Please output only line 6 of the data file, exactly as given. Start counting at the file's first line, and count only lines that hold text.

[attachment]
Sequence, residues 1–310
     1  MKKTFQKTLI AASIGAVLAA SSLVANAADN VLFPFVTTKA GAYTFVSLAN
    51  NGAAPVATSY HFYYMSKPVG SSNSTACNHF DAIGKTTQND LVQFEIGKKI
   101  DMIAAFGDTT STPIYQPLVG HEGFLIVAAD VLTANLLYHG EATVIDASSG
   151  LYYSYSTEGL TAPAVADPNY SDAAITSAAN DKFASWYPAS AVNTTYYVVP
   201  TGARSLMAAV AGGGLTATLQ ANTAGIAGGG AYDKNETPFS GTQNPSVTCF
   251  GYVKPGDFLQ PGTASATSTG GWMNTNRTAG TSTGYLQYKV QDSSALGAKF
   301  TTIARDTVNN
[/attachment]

   201  TGARSLMAAV AGGGLTATLQ ANTAGIAGGG AYDKNETPFS GTQNPSVTCF